Published August 01. 2013 4:00AM Updated August 01. 2013 11:47PM
Old Saybrook - A 15-year battle to save the 1,000-acre forest known as The Preserve achieved a major breakthrough this week when The Trust for Public Land reached an agreement with the would-be developers to buy the property for conservation.
"We've been talking to them seriously for a year, trying to put this deal together," Kate Brown, project manager at the Trust's New Haven office, said Wednesday. "Now we can start to organize the community to raise the money."
Under the agreement, the Trust would raise $10 million to $11 million from private donations, state and federal grants and other sources to purchase The Preserve from owner River Sound Development. Commitments for the funds must be obtained by June 2014, and a closing would take place sometime after that.
"We put down a deposit, and made certain other commitments, and we bought some time," Brown said.
In a statement issued by the trust, Gov. Dannel P. Malloy called the agreement "a major milestone in our efforts to preserve critical lands in this state," and said the state would partner with the Trust and others "to make this purchase a reality."
Dennis Schain, spokesman for the state Department of Energy and Environmental Protection, said state grant funds may be made available to cover part of the purchase price. DEEP has been talking with the Trust and other conservation organizations about the best way to manage the property once it is purchased to ensure it is protected and accessible to the public, he said.
Located in the northwest section of town and adjoining 500 acres of town parkland, the property would be made available for passive recreation such as hiking and wildlife watching, the Trust said. It includes 38 vernal pools, 114 acres of wetlands and more than 3,100 feet of watercourses, and is critical to the water quality of the Oyster and Mud rivers and Trout Brook. Wildlife identified on the property include the northern dusky salamander, spotted turtles, box turtles, bobcats, fishers and many migratory birds, the Trust said.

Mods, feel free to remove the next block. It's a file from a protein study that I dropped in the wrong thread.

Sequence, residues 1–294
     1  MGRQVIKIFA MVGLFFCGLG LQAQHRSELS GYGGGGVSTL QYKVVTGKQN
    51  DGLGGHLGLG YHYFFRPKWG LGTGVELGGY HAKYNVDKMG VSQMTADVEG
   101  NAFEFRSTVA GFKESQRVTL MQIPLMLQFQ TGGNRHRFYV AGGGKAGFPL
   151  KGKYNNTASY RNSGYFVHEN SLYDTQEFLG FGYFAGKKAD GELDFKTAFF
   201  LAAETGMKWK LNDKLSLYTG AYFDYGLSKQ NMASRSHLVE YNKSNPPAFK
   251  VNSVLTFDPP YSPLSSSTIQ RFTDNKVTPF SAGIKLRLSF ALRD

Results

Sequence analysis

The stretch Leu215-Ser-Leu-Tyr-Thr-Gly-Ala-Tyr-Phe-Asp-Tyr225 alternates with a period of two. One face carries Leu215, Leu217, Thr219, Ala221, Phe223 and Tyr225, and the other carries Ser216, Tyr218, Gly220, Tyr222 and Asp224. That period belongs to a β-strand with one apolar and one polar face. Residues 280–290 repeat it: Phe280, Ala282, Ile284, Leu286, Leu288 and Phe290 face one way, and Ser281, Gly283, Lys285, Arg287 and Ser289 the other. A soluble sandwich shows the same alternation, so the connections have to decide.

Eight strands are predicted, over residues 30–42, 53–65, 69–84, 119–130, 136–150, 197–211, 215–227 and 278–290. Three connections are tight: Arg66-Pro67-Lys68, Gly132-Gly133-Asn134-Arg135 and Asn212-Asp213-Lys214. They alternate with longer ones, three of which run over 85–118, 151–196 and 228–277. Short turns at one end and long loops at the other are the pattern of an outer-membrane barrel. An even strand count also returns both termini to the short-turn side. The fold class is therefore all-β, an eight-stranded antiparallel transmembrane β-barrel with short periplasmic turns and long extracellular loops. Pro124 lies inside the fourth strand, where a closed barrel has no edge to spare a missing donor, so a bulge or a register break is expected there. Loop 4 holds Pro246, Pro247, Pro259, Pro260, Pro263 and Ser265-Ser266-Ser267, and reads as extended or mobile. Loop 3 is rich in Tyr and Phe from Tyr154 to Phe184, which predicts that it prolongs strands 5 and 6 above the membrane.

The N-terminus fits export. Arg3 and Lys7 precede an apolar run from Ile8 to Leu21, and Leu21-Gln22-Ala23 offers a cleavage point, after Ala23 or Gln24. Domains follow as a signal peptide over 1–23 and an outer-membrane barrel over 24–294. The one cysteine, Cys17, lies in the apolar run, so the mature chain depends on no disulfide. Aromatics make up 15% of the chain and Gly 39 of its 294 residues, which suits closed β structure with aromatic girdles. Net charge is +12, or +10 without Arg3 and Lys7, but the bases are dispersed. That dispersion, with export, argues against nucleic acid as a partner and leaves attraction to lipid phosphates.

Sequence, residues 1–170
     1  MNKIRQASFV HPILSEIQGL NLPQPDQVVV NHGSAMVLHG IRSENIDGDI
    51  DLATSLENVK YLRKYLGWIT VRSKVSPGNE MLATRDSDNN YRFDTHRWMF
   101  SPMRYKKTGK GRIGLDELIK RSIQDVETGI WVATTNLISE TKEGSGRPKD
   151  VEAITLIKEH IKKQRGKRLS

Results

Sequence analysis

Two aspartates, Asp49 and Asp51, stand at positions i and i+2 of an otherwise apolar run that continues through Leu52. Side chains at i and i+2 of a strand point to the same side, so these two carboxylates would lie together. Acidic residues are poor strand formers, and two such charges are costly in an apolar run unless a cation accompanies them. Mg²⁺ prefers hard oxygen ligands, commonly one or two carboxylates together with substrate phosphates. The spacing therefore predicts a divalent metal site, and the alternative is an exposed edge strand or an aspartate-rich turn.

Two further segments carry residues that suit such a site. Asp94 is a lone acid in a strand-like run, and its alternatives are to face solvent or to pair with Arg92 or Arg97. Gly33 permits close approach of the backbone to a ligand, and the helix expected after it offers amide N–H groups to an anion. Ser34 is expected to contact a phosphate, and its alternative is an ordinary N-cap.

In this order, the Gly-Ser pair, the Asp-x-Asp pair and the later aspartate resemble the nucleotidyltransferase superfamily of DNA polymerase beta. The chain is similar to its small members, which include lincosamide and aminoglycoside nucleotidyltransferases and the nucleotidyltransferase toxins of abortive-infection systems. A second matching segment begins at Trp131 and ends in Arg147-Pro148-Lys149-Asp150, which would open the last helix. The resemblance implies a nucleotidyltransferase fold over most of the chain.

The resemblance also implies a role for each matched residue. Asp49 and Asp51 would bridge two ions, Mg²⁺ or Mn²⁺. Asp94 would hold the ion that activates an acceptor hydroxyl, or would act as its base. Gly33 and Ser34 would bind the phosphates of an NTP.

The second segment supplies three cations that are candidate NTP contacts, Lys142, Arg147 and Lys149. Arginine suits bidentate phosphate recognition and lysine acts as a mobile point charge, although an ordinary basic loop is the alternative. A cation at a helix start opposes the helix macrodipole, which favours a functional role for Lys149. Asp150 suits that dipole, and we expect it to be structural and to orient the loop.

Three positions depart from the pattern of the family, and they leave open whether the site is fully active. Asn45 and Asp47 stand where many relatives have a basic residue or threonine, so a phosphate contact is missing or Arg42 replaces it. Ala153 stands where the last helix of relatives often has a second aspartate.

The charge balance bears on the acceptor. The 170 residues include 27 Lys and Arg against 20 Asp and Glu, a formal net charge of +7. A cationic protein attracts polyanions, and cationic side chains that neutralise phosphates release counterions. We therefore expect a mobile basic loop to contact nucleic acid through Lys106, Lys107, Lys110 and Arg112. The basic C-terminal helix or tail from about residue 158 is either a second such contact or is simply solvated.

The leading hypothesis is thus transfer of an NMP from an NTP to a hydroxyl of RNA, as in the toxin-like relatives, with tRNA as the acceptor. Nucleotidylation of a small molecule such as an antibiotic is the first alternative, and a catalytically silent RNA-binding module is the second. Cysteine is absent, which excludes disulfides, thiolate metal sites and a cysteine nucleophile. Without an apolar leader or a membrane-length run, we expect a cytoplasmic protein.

Development proposals for The Preserve date back to 1998, including plans for 200 homes and an 18-hole golf course. Opposition to the various plans generated several lawsuits from conservation groups and residents. Several previous attempts to purchase the land from the developers were unsuccessful.
"Old Saybrook looks forward to working with The Trust for Public Land towards a successful closing on this property, a closing that economically and environmentally favors The Town of Old Saybrook and the region," First Selectman Carl Fortuna said in the statement.
Brown said the Trust hopes to raise $1 million to $2 million in private donations. The town may be asked to contribute some of the funds through a bond referendum, and state and federal grants will be sought, she said.
While most of the property is in old Saybrook, small portions are in the towns of Westbrook and Essex.
Two of the conservation groups most active in the efforts to save The Preserve - the Connecticut Fund for the Environment and The Nature Conservancy's Connecticut chapter - both issued statements applauding the agreement.
"This is a momentous development in protecting Connecticut's open space," said Roger Reynolds, legal director and director of land protection programs for the Connecticut Fund for the Environment. "This agreement finally gives Connecticut the opportunity to conserve one of the last major unprotected coastal wetland and coastal forest complexes between New York City and Boston."
The organization said it would work with the Trust to help raise the funds for purchase and stewardship of the property.
Chris Cryder, a resident of Old Saybrook and special projects coordinator at the Connecticut Fund for the Environment, has worked with local grass-roots activists for years to protect the land.
"From the very beginning, there's been a strong group of local residents who understand the value of this land and are passionate about saving it," he said. "We're looking forward to continuing our work together to get this over this finish line and protect The Preserve once and for all."
The head of The Nature Conservancy's Connecticut office highlighted The Preserve's significance along the state's shoreline.
"There are very few unprotected parcels of forest land this large remaining anywhere in Connecticut, and particularly in our coastal towns," said Frogard Ryan, state director for the conservancy.
Officials at River Sound Development could not be reached for comment.